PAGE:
Cause and consequence

While E.H. Carr’s claim that ‘all history is the history of causes’ may have been widely challenged by historians anxious to demonstrate the breadth of their concerns and the range of other important questions to be asked about the past, causal explanation features prominently in history teaching and learning at all stages within the school curriculum.  The resources in this section will help teachers to think about the nature of progression in students’ understanding of cause and consequence and to recognise common misconceptions that they may need to address. The materials offer a wide range of practical strategies, as well as insights drawn from historians’ practice and research into students’ understanding, that will help teachers to determine the most useful ways of helping students to develop more powerful causal explanations. Some of them also highlight the need to pay more attention in planning schemes of work to the identification, explanation and evaluation of historical consequences. Read more

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  • 'Isn't the trigger the thing that sets the rest of it on fire?'

    Article

    Causation maps: emphasising chronology in causation exercises

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  • Assessing the Battle of Waterloo in the classroom

    Article

    Defying the Iron Duke: assessing the Battle of Waterloo in the classroom The approaching bicentenary of the Battle of Waterloo has stimulated debate about how it should be commemorated. This article reports a collaboration between the Waterloo200 Committee and Tom Wheeley, history teacher, to create a lesson sequence analysing the...

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  • Being ambitious with the causes of the First World War: interrogating inevitability

    Article

    Gary Howells asks hard questions about typical teaching and assessment of historical causation at Key Stage 3. Popular activities that may be helpful in addressing particular learning areas, or in teaching pupils to use the terminology of causation, are not in themselves evidence of having acquired a ‘skill'. Howells invites...

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  • Building an overview of the historic roots of antisemitism

    Article

    ‘But I still don't get why the Jews': using cause and change to answer pupils' demand for an overview of antisemitism Research by the Centre for Holocaust Education has suggested that students need and want more help with building an overview of the historical roots of antisemitism and that they...

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  • Camels, diamonds and counterfactuals: a model for teaching causal reasoning

    Article

    In the last edition of Teaching History, Arthur Chapman described how he uses ICT to develop sixth form students’ conceptual understanding of interpretations, significance and change. In this article, he turns his attention to causal reasoning and analysis. Drawing on the work of historians such as Evans and Carr, he...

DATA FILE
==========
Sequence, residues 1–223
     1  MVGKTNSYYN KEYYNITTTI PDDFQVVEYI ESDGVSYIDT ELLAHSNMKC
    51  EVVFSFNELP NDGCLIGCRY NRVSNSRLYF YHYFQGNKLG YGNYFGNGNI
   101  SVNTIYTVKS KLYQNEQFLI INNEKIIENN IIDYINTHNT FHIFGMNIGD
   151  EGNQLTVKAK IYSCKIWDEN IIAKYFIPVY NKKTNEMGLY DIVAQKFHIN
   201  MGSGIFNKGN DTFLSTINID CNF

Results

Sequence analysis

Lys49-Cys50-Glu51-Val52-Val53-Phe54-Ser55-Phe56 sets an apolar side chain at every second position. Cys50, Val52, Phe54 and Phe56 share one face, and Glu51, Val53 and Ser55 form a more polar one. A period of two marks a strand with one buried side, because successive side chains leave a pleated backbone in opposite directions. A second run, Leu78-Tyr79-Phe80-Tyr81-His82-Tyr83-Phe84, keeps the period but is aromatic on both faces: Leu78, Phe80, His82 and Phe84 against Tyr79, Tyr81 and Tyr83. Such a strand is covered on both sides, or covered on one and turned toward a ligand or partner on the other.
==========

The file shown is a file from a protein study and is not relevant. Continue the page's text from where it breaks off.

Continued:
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  • Competition and counterfactuals without confusion

    Article

    Year 10 play a game about the fall of the Tsarist empire to improve their causal reasoningPaula Worth was searching not only for a rigorous question, capable of engendering genuine debate, but also for an engaging and enjoyable activity that would secure GCSE students' substantive knowledge. The answer - or...

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  • Couching counterfactuals in knowledge when explaining the Salem witch trials with Year 13

    Article

    Puzzled by the shrugs and unimaginative responses of his students when asked certain counterfactual questions, James Edward Carroll set out to explore what types of counterfactual questions would elicit sophisticated causal explanations. During his pursuit of the ‘gold standard’ of counterfactual reasoning, Carroll drew upon theories of academic history in...

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  • Counterfactual Reasoning: Comparing British and French History

    Article

    Fog over channel; continent accessible? Year 8 use counterfactual reasoning to explore place and social upheaval in eighteenth-century France and Britain. Two linked motivations inspired Ellen Buxton's research study: she wanted pupils to make connections between British and French history and she wanted to explore the potential of counter-factual reasoning...

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  • Dealing with the consequences

    Article

    Do GCSE and A-level questions that purport to be about consequences actually reward reasoning about historical consequences at all? Molly-Ann Navey concluded that they do not and that they fail to encourage the kind of argument that academic historians engage in when reaching judgements about consequences. Navey decided that it...

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  • Does scaffolding make them fall? Reflecting on strategies for developing causal argument in Years 8 and 11